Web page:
As with any other building, school buildings need regular maintenance, and this is especially true if they are modular. All the various energy efficient systems that have been put in place need to be checked and serviced regularly in order to ensure smooth functioning and optimal efficiency. Neglecting to maintain the systems regularly will render all your initial efforts futile and will in fact begin to prove counterproductive.
Thanks Kathy for your article. Now it is your turn. Have you designed for a green or LEED school facility? Considered modular construction as part of your design? Share your thoughts below.
As I noted earlier this week, the ACEC of North Carolina’s Engineering Excellence Awards gala was held last month. 13 amazing projects were awarded recognition, including projects involving environmental and coastal issues, higher education facilities, and government projects.
Each project was important, unique, or challenging in some manner. In my next post, I will highlight one of the most unusual– the Swine Farm Biogas project by Withers & Ravenel. In the meantime, here are all of the winners, which I’ve loosely sorted into categories:
Coastal & Environmental projects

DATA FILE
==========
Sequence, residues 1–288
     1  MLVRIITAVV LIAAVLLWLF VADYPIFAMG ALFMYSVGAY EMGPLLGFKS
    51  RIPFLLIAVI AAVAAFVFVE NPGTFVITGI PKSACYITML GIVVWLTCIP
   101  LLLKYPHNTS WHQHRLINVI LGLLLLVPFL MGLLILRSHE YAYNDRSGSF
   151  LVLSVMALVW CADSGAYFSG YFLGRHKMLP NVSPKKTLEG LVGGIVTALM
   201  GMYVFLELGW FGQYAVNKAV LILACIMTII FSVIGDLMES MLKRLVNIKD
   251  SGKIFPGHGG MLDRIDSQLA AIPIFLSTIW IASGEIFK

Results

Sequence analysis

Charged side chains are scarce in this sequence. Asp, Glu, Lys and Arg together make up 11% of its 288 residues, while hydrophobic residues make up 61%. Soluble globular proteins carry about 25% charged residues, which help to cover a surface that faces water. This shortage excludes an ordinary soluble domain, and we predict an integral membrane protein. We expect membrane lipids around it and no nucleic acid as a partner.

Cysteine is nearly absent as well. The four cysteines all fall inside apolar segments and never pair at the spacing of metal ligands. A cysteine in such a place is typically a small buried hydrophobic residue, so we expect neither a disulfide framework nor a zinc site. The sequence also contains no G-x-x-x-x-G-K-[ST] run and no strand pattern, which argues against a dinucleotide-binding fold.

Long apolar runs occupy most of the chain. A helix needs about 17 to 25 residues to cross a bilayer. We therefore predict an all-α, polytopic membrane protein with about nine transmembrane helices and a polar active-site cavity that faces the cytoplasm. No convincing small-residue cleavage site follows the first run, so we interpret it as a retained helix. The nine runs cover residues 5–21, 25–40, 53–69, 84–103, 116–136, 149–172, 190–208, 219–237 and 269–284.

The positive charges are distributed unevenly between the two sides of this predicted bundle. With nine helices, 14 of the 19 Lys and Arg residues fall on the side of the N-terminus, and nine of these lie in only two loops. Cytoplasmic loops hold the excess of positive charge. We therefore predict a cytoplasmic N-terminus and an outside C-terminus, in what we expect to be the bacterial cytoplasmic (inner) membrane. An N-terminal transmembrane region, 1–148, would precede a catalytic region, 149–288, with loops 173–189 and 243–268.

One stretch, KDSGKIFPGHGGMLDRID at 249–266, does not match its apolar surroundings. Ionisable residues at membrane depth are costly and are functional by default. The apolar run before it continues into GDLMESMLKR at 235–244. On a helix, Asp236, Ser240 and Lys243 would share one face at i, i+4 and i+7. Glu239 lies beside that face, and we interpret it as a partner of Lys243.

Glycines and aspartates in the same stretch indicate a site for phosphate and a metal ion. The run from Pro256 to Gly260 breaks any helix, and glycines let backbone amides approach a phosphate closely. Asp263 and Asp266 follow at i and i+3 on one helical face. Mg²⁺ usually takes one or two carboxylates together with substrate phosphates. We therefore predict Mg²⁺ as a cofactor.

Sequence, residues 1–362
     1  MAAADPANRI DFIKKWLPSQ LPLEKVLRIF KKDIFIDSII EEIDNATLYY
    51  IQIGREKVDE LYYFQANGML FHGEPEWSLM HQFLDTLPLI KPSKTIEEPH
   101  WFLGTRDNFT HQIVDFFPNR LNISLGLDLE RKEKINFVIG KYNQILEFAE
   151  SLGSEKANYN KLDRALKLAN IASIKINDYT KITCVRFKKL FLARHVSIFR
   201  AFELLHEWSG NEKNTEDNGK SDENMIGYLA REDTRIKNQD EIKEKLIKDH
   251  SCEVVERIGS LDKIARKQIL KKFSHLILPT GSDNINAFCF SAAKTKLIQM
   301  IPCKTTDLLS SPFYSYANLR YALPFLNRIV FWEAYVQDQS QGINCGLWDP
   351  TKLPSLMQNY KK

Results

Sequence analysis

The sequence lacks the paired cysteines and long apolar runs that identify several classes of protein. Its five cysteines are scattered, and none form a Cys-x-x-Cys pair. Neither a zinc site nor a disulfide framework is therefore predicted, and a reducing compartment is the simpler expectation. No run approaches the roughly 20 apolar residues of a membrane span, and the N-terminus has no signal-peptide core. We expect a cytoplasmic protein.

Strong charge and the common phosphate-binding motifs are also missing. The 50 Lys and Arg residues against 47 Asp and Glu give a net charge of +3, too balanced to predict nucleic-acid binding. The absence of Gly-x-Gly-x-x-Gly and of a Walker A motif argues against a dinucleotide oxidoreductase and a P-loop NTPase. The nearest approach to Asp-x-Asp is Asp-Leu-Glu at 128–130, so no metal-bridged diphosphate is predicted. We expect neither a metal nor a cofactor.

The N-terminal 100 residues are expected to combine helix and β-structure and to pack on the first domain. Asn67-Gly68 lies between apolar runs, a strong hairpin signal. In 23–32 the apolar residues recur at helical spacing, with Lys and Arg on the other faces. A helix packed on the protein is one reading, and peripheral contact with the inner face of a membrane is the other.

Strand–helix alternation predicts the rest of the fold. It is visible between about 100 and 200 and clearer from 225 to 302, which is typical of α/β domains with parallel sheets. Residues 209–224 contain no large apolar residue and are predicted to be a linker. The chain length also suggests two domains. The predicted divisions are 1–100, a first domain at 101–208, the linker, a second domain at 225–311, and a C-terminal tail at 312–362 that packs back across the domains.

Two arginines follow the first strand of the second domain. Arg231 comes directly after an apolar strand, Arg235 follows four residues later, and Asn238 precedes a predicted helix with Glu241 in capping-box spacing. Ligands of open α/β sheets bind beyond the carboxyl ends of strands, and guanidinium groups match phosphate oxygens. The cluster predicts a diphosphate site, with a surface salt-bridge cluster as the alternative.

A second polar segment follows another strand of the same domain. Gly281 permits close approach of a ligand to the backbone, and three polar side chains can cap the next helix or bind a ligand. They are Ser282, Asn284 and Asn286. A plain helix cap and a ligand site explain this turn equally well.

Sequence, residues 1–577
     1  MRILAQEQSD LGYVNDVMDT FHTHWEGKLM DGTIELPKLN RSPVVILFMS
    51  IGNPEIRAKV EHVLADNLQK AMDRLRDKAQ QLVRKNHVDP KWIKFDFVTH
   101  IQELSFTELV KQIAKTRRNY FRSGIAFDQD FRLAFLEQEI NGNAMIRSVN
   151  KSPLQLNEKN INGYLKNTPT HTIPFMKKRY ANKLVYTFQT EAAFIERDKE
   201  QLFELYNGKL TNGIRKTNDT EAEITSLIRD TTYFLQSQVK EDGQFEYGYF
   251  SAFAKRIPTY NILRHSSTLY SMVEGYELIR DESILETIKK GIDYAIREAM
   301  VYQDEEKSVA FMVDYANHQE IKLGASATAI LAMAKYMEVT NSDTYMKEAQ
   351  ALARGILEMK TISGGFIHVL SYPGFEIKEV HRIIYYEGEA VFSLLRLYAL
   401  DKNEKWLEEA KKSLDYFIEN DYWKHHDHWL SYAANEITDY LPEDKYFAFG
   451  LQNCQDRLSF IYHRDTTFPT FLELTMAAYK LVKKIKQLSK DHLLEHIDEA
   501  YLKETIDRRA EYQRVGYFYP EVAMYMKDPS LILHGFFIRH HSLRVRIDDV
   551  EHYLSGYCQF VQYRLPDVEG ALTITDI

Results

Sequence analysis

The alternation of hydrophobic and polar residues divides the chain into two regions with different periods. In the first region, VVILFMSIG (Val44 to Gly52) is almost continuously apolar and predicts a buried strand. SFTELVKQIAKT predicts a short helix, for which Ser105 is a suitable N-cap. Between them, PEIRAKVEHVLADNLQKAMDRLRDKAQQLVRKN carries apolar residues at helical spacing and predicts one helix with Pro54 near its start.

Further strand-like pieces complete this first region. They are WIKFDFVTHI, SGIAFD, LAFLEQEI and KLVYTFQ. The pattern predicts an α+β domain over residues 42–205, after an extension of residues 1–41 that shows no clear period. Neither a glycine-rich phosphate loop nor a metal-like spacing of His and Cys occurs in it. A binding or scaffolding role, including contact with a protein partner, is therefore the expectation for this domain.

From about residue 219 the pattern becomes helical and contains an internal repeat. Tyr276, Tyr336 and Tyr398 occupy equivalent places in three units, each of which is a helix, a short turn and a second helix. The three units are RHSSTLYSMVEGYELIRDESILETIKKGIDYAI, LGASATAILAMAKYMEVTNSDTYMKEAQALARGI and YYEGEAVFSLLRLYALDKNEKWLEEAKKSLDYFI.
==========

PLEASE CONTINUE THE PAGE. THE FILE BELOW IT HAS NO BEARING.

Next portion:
Sea Bright to Manasquan Profile Survey, NJ (McKim & Creed)
American Tobacco Trail Pedestrian Bridge, Durham, NC (Parsons Brinckerhoff)
Town of Hillsborough Riverwalk, Hillsborough, NC (Summit Design and Engineering Services)
Swine Farms Biogas Renewable Energy Project, Bladenboro, NC (Withers & Ravenel)
Campus & Higher Education projects
South Halls Renovation, Penn State, University Park, PA (Clark Nexsen)
Science & Technology Building, Fayetteville State University, Fayetteville, NC (McKim & Creed)
Marsico Hall, University of North Carolina, Chapel Hill, NC (Mulkey Engineers & Consultants)
Military, Municipal, & Highway projects
Carolina Field of Honor War Memorial, Kernersville, NC (Woolpert)
Broad Avenue Bus Terminal, High Point, NC (Mulkey Engineers & Consultants)
The diversity of the award-winning projects was very clear, as even a cursory review of the projects demonstrates. I recommend you follow the links to the specific projects to see some great photos and hear more about the projects in detail.
In the meantime, tell me what project you would have given the “best in show” award to if you were the judge. Or, was a project left out of the awards that you thought superior to some of these? Share your thoughts about both these projects, and any others that you think should have made the cut, in the comments section.
Want to know how bats may effect your engineering plans? Want to hear about cool new bridges? Read on.